With photocopies of two letters from the Musée des Arts Décoratifs in Bordeaux dated 1961 and photocopies of a watch signed Pierre Cruzet, signed by the curator Xavier Védère, in reply to letters and photographs of the present watch obviously sent to him by the owner of the present watch. Furthermore delivered with a later added fitted wooden presentation box.
Mr. Védère states that the collection of the Musée des Arts Décoratifs possesses a watch from the same period, the movement signed by another Bordelaise watchmaker named Pierre Cruzet, the enamel scenes, portrait of the lady and the enamel to the small cartouches from the same hand as those of the present watch. Consequently he is pleased to confirm that the enamel scenes on the present watch were also the work of the Frères Huaud, celebrated enamellers in the world of horology. Specializing in the reproduction of mythological paintings, the brothers had left at a very young age their native Chatellerault in France, to settle in Geneva followed by Berlin where they were appointed enamel painters to the Elector of Brandenburg in 1686.
Upon close inspection of the watch the enamel can however be attributed to the workshop of Mussard in Geneva, renowned for such gilt metal and enamel "oignon" watches made in the early 18th century and destined for the export.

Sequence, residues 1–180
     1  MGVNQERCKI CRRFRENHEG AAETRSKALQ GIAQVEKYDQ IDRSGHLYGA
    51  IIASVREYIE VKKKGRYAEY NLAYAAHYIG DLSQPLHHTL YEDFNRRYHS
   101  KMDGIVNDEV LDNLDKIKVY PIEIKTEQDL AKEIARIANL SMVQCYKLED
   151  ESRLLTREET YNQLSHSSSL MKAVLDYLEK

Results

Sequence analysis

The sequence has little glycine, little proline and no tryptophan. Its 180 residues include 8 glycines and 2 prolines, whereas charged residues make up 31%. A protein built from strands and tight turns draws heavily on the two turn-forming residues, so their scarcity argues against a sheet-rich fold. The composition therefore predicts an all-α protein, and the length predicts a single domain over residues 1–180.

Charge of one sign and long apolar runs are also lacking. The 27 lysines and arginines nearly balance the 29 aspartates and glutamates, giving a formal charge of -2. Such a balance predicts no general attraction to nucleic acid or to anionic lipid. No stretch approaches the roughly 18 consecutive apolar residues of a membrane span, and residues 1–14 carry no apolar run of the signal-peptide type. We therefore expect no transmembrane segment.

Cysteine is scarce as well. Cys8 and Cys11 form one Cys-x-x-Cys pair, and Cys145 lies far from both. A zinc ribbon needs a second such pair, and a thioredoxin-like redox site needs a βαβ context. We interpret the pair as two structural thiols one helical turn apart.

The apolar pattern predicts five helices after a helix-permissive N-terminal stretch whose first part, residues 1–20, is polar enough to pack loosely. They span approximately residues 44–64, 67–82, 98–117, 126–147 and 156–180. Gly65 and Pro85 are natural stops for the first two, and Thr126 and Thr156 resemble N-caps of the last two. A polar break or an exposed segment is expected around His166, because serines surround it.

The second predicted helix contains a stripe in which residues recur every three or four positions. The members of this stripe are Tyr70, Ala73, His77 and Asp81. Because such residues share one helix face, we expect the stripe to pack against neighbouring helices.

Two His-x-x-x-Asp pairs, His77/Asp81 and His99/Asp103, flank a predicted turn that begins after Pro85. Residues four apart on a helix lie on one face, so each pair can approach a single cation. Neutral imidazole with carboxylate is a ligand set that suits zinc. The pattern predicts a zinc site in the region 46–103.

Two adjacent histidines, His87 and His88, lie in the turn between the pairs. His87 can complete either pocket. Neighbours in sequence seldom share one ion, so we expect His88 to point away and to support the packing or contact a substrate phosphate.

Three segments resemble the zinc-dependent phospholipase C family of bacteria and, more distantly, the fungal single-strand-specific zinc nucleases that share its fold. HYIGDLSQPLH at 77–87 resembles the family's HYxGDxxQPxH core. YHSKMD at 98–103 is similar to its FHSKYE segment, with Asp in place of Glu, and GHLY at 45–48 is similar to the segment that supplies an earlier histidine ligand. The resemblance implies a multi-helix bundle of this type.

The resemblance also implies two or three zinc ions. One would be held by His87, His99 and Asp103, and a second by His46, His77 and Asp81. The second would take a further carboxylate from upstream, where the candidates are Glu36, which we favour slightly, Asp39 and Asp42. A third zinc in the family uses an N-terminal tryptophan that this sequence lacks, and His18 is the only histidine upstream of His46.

Jean V. Mussard (1681 - 1754) was one most celebrated enamel painters of the period. Much influenced by the style of the Frères Huaud, his best-known subjects are amongst others the Roman Charity, as on the present watch, and religious scenes. Mussard was succeeded by his son Jean-Antoine, examples of their work can be found in the world's most celebrated museums and collections.
The movement is undoubtedly the work of the same master watchmaker Jean Duhard active in Bordeaux at the end of the 17th century and of whom the Museum owns a cartel clock. In 1688, Duhard married Marie Bourdain, the daughter of a Bordelaise watchmaker. The couple had six children in 1704.
Jean Duhard is furthermore listed in Tardy's Dictionnaire des Horlogers Français, p. 203, as active between 1691 and 1718. The entry is also mentioning the clock in the Musée des Arts Décoratifs in Bordeaux and showing the black and white image of one of his watches in the Musée du Petit Palais.
We are indebted to Mr. Arnaud Tellier, Director of the Patek Philippe Museum in Geneva, for his valuable advice on researching the present timepiece.